A new beverage coaster created by NOFAS asks, “What is the most common cause of microcephaly?” Microcephaly, as defined by the Centers for Disease Control and Prevention, is “a birth defect where a baby’s head is smaller than expected when compared to babies of the same sex and age. Babies with microcephaly often have smaller brains that might not have developed properly.” Microcephaly can be an isolated condition, or it can occur in combination with other major birth defects. It can be caused by prenatal exposure to harmful substances (such as alcohol and tobacco), certain infections acquired by the mother during pregnancy (such as Zika or rubella), and severe malnutrition.
The coaster asks whether the mosquito (implied as responsible for the mosquito-borne illness Zika virus) or alcohol (implied as responsible for prenatal alcohol exposure) is the more common cause of microcephaly. The answer compares the total number of infants in the U.S. who have been diagnosed with birth defects as a result of Zika infection and the estimated number of newborns in the U.S. each year with birth defects associated with prenatal alcohol exposure. Although there is a general misconception that the mosquito-borne Zika infection is the more common cause of birth defects, there are many, many times more babies born with birth defects due to prenatal alcohol exposure.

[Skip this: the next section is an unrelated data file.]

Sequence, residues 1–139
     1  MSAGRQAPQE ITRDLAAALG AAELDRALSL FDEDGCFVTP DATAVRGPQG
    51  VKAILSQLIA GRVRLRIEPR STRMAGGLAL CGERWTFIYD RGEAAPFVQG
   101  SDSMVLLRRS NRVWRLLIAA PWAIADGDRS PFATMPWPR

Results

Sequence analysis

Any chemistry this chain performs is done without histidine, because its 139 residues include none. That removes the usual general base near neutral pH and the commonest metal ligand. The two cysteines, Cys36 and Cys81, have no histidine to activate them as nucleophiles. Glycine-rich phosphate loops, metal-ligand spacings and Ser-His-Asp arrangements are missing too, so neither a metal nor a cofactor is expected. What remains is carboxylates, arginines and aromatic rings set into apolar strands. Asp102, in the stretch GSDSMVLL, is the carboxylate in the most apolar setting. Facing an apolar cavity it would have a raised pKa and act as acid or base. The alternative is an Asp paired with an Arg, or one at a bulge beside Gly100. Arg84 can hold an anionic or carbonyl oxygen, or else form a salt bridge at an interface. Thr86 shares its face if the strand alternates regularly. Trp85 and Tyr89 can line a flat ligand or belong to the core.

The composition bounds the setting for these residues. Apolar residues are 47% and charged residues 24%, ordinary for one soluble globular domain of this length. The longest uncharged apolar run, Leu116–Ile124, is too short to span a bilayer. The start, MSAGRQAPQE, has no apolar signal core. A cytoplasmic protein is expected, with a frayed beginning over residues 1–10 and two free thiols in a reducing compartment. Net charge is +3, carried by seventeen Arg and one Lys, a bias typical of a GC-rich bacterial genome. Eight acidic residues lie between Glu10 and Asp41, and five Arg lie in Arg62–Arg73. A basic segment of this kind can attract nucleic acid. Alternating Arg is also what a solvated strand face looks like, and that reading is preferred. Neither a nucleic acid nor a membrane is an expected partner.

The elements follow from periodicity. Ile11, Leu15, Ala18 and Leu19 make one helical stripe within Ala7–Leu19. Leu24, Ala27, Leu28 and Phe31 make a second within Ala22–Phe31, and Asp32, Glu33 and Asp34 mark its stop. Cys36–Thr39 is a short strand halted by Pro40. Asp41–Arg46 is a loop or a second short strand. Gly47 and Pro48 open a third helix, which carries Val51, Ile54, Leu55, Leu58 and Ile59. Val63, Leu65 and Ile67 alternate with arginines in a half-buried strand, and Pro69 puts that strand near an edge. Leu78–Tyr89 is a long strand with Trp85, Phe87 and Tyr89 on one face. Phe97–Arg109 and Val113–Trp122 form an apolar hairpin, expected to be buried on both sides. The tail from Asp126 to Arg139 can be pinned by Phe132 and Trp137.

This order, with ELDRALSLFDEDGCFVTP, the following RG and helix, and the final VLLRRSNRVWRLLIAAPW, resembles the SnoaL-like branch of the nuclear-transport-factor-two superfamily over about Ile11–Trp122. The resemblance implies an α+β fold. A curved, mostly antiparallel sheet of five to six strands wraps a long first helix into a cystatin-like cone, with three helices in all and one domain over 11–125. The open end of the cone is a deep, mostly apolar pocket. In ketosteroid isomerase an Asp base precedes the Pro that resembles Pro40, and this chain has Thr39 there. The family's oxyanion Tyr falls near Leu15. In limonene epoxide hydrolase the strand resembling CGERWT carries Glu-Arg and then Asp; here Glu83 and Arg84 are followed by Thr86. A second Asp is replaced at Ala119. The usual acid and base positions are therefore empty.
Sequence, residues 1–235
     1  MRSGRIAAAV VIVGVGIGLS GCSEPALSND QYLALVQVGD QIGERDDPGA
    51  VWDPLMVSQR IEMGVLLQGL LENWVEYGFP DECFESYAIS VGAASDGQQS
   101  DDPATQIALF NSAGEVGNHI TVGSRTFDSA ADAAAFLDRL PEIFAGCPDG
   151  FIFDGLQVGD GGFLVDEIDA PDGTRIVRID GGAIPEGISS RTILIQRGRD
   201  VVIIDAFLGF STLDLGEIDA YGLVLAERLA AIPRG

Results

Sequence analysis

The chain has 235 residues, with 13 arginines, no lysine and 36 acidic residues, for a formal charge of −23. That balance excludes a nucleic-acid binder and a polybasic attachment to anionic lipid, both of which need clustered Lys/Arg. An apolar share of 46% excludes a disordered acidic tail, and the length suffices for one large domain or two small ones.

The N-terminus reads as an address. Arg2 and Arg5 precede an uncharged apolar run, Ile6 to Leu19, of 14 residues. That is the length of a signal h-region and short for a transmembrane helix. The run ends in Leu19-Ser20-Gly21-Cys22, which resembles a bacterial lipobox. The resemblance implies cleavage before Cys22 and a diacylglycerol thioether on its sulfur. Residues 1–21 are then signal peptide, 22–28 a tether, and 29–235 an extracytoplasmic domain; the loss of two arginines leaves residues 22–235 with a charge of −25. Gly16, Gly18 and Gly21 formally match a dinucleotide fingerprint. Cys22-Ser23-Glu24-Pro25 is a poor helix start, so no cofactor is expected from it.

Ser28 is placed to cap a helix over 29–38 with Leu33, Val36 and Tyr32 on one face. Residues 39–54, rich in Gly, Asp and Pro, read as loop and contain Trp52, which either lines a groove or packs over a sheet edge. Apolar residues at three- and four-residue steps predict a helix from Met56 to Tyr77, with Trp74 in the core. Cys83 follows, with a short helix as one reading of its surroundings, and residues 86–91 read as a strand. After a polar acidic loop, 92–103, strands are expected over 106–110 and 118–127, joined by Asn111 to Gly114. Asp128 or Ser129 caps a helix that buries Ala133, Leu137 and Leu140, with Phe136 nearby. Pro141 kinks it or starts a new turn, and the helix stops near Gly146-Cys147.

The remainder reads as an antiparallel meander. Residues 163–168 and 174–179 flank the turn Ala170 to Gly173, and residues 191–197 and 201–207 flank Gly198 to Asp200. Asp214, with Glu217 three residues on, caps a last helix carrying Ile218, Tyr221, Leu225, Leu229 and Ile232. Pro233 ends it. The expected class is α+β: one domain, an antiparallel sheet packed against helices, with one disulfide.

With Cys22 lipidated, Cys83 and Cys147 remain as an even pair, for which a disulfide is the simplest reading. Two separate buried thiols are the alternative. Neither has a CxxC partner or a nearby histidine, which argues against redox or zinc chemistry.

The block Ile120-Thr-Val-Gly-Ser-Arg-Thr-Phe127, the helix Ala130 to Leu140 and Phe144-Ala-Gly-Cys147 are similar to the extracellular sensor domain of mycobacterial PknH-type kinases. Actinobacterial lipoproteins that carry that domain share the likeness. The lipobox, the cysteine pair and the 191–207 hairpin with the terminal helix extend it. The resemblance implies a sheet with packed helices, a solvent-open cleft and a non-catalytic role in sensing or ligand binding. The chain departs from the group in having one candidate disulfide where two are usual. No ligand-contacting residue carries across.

The new coaster seeks to raise awareness of the risk of alcohol during pregnancy, and is available from NOFAS to be distributed in your area. Select a quantity from the drop-down menu, click Add to Cart (your shopping cart will open in a separate tab), and process your transaction using a credit card or your PayPal account.